Shape trade dress as a trademark: current trends and challenges4 September 2023
Nowadays, within the sector of general merchandise, offer surpasses the needs. Consumers have become more sophisticated. It is getting difficult for manufacturers to attract their attention, to astonish them, to make them choose one’s product. Apart from the excellent quality of the goods, the business has to invent the very same trade dress that will conquer consumers’ hearts and play into the hands of the producer.
If the created design of a trade dress is unique and authentic, it is reasonable to obtain its protection as an object of intellectual property rights. Russian legislation on intellectual property suggests several options to protect the design: copyright, industrial designs, and trademarks.
A trademark being a designation used to individualize the goods may be an effective tool that a business can utilize to defend the trade dress.
In Russia, a vast list of designations may be registered as trademarks. While Part VI of the Russian Civil Code, which regulates intellectual property rights, provides that words, devices, three-dimensional and other signs or combinations thereof can be registered as trademarks, Regulations for compilation, submission and consideration of documents for state registration of trademarks (hereafter – “Regulations”) foresee various other types of marks, including nonconventional ones, such as, for example, holographic marks, positional marks, marks consisting exclusively of one or more colors that may enjoy trademark protection. Thus, business is not bound by a creative approach to individualize their goods and a trade dress may obtain protection as a trademark, for instance, as a three-dimensional trademark.
Generally, a three-dimensional mark represents the shape of the product or its part, the shape of the packaging of the product, and the shape not related to the product. In the aspect of the shape of the product or its packaging, threedimensional marks verge on industrial designs. Therefore, in terms of the examination of a threedimensional mark, the crucial point is to determine its inherent distinctiveness with respect to the applied goods. To establish whether the shape itself is not merely utilitarian, functional, and ordinary, Russian law requires the capability of distinguishing goods of the applicant from similar goods of other traders, i.e., if the shape is peculiar enough for the customers to recognize and select the product of a particular trader exclusively by its form.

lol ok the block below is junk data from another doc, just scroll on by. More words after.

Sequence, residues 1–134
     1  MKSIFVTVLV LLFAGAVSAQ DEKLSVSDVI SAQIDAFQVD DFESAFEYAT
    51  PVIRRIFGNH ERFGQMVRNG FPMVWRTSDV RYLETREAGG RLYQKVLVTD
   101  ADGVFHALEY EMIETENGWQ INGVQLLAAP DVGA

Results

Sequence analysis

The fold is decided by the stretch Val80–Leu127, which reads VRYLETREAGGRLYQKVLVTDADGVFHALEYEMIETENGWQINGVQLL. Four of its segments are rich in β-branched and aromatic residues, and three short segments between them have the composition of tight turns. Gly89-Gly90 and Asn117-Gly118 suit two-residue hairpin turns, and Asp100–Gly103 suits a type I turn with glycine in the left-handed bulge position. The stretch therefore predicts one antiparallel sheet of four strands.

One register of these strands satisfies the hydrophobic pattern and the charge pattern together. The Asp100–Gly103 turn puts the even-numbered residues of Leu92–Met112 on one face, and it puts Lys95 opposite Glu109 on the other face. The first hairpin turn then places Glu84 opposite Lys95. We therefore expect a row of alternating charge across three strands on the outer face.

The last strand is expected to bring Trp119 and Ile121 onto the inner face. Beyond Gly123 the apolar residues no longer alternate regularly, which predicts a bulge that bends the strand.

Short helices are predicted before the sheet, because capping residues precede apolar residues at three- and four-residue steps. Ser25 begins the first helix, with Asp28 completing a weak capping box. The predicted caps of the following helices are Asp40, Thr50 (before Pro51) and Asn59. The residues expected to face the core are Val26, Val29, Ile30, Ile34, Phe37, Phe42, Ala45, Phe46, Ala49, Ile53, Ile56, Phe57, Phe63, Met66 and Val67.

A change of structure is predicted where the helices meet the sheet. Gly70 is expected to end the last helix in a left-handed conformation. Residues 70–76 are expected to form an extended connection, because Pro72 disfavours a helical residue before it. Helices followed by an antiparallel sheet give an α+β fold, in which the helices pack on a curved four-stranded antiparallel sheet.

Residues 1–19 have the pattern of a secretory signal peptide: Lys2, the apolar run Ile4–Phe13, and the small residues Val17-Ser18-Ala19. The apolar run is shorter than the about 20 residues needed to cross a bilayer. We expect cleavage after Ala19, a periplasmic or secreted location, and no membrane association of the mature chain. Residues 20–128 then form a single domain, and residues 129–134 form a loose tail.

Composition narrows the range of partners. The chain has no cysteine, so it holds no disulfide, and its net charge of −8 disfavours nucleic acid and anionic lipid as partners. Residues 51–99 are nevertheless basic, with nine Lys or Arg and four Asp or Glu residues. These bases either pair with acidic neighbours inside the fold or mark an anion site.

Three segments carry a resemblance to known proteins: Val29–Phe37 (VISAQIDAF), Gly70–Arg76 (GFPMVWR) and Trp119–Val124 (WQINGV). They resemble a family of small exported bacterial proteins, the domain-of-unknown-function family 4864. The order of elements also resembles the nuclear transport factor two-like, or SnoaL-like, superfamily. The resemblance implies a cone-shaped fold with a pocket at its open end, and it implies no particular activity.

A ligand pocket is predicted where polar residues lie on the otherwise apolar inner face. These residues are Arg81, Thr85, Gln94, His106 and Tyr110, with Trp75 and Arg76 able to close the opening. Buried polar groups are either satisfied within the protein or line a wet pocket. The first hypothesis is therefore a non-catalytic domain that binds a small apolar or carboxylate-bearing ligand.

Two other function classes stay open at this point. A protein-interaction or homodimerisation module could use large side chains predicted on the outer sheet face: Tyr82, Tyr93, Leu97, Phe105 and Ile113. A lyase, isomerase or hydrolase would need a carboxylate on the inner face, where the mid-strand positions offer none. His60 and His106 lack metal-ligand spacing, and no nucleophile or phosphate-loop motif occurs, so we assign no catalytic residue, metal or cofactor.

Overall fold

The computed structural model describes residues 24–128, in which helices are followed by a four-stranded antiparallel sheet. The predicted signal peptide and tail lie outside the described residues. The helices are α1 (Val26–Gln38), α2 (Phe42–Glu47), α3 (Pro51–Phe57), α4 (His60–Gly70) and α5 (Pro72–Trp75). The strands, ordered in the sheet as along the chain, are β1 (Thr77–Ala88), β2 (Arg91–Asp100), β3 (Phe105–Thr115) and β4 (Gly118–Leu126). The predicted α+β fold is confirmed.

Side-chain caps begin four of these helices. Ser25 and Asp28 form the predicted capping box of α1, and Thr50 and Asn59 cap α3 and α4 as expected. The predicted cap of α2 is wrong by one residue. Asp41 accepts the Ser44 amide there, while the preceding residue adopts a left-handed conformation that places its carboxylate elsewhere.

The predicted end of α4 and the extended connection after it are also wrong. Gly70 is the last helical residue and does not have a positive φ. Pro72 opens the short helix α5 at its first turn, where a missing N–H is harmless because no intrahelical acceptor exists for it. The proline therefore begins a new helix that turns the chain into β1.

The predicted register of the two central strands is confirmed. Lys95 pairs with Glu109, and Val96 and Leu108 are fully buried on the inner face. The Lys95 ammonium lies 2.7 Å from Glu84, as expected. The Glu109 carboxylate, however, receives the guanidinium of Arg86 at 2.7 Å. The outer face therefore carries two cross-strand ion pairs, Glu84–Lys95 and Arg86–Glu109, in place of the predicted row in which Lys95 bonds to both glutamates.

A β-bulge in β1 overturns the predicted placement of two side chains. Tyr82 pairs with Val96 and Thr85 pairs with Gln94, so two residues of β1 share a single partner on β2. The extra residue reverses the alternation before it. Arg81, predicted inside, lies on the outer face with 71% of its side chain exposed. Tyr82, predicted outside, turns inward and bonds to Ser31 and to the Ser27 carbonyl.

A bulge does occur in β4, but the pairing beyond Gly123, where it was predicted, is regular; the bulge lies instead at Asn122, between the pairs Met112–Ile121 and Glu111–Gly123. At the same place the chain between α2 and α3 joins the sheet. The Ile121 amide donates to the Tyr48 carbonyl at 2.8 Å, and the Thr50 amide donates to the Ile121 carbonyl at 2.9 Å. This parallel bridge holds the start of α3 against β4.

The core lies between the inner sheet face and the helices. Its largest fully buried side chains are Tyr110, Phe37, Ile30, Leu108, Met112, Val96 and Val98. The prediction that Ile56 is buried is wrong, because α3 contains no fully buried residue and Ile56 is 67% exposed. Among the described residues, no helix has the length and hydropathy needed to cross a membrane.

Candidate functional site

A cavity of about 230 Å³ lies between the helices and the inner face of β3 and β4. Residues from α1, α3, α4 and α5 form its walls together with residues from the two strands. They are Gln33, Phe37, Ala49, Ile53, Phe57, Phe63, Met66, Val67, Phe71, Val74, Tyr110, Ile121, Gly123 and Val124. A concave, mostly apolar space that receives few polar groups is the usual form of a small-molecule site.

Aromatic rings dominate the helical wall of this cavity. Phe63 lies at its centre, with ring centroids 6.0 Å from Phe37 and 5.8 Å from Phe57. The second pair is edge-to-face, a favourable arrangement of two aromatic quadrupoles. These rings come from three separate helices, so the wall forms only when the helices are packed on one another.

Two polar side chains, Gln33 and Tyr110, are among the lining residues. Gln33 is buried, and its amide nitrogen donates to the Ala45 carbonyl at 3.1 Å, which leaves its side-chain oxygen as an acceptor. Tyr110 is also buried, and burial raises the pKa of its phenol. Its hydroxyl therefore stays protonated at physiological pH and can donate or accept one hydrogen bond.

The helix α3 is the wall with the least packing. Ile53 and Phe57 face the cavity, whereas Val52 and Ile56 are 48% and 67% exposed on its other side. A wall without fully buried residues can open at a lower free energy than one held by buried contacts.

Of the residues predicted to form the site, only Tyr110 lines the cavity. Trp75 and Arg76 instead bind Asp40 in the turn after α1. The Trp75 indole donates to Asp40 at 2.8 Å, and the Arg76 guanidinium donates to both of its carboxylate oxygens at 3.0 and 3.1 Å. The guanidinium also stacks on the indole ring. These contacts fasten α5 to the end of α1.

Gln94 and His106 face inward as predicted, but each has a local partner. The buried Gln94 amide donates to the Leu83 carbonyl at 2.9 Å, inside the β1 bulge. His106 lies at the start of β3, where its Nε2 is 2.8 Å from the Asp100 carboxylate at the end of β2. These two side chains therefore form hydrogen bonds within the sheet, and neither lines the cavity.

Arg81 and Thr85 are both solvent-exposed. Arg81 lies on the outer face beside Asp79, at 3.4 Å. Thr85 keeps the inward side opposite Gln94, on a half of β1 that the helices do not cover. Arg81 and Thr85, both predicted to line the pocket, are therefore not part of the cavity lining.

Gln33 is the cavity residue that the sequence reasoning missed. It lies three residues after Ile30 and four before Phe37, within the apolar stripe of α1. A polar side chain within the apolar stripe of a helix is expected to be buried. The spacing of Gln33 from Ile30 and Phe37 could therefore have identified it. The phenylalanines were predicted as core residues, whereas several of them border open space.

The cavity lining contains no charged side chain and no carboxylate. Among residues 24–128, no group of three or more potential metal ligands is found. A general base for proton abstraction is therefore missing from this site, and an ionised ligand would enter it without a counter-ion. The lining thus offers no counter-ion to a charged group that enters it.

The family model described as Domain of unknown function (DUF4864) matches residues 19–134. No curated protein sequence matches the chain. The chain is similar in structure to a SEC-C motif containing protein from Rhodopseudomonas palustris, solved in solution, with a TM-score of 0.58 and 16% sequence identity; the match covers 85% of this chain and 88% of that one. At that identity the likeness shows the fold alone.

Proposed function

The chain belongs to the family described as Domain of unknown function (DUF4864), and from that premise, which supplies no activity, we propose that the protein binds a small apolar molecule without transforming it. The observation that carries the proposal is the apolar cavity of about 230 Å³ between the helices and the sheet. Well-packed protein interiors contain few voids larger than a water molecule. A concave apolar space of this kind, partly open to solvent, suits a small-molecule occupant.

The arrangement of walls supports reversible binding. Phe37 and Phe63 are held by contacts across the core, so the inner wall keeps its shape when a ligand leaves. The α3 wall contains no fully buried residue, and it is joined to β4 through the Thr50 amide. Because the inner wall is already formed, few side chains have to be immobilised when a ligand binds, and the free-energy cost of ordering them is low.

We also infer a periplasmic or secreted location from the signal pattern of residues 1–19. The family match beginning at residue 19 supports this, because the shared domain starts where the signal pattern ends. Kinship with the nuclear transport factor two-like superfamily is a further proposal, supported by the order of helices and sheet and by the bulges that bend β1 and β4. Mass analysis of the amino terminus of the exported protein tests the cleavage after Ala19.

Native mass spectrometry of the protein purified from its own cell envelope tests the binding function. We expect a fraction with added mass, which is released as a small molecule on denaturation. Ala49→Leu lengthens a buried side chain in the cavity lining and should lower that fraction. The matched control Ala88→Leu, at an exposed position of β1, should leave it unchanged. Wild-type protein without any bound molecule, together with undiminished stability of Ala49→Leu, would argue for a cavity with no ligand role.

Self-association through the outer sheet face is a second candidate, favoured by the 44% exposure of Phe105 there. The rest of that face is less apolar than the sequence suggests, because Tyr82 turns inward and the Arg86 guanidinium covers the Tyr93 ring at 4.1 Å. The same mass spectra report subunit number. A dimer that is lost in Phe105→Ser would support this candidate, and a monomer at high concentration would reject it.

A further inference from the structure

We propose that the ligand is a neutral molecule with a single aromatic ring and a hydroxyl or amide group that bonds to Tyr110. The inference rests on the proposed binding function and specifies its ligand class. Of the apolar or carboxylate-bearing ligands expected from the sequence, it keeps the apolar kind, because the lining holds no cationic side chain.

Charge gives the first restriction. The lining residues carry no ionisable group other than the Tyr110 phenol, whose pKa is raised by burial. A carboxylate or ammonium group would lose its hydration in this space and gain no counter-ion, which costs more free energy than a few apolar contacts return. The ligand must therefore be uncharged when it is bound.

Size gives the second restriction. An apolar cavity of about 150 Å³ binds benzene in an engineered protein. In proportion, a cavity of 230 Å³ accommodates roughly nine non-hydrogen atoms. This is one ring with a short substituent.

Notably, the criteria of functionality and commonness of the shape may be evaluated separately. The following two examples evidence the difference between these two touchstones.
The applicant filed a three-dimensional application for a bottle design Figure 1 covering such goods as alcoholic and non-alcoholic beverages. As a result of trademark examination, the Russian PTO deemed it possible to grant protection to the applied designation with a disclaimer of the form of the bottle from separate legal protection. The examiner reasoned the decision stating that the shape of the bottle was functional and lacked distinctiveness. The applicant disagreed with the said position and appealed the decision of registration with the Chamber of Patent Disputes of the Russian PTO. The applicant argued that the applied form of the bottle had an original design, most of the elements were of a decorative nature, rather than dictated by the need to fulfill a particular function, and besides the applicant already owned an industrial design for the “bottle”, which attested to the novelty and originality of the applied shape. However, the Chamber of Patent Disputes and subsequently the IP Court upheld the initial decision of the Russian PTO pointing out the fact that all the features of the applied shape were functional, specifically, they provided comfort when holding the bottle in the hand, its stable position on a flat surface and its convenient use, storage, and transportation; the recess encircling the body of the bottle with a smooth side surface was designed for a snug fit of the label to the body of the bottle. Further, the administrative body and the court dismissed the argument that the existing industrial design served as proof of the originality of the form and thus distinctiveness of the applied designation indicating that trademarks and industrial designs were different objects of intellectual property rights that had different legal regulation and scope of protection.